The Virginia legislature has an opportunity in the waning days of this session to ensure the rights of Virginia families to choose the educational option that best suits their needs. Senate Bill 598 (Virtual School Funding), as introduced in January, was well-written and balanced, and ensured fair funding for public school students who wanted to access high-quality, full-time online schools available to students throughout the state – schools that were state-approved during the rigorous Virginia Department of Education review process. Last-minute changes made to the bill in late February included striking well-balanced language in the bill, and instead inserting clauses designed to limit student access to online learning programs.
The strike-out language takes away a parent’s choice for open enrollment and allows the district offering an online learning program to restrict their own residents to only attend the district’s program – even if the student is already enrolled in an out of district program or if the district program does not meet their students’ unique needs. This effectively bans families, including military families that rely on the flexibility of online options for their students, from choosing another online learning program outside of their district – even if the school is Virginia Department of Education approved, quality public online school somewhere else in the state.
Online learning is inherently scalable, designed to reach across geographic boundaries, so that students can access the best quality programs and teachers online from any place or zip code. The funding model was also removed from the bill, shutting down options to taxpaying parents and students.
In his January 2012 State of the Commonwealth address, Governor McDonnell made his position on school choice very clear, stating “A child’s educational opportunities should be determined by her intellect and work ethic, not by her neighborhood or zip code.” He also added that we need a “fair funding formula” for educational options. Nearly a month later, addressing a large crowd of school choice advocates, the Governor again said, “We’ve got to have greater choices.” In its current form, Senate Bill 598 represents a considerable step backward for the interests of Virginia’s students to access educational opportunities that prepare them for the global economy, where one-third of today’s college students take an online course. Virginia’s universities offer high-quality online courses. Virginia state policy needs to catch up, so that K-12 students can access a range of supplemental online courses and schools to meet their needs for personalized instruction, using digital resources and 21st century instruction provided by the best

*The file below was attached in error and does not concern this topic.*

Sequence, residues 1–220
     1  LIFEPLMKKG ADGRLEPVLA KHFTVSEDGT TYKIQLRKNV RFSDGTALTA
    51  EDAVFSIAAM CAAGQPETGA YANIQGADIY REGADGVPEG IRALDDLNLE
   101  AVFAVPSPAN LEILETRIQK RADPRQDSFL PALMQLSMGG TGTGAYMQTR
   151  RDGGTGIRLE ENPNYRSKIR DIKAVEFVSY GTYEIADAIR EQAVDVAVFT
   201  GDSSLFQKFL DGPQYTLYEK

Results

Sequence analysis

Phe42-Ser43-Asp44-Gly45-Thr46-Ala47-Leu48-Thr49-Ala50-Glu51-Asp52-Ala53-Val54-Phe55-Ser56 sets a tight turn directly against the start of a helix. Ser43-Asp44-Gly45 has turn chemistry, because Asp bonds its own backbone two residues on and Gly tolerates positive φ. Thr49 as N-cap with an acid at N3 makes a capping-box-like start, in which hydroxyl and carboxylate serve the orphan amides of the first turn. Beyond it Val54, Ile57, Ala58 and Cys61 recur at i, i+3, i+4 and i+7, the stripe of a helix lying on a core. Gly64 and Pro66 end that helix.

teachers across the state.
I urge the elected leaders of Virginia to do the right thing – restore the power to make high-quality, educational choices for each child in Virginia, and provide the equitable funding to ensure high-quality programs and academic success for all students. Simple geography should not be a barrier to accessing a world-class education.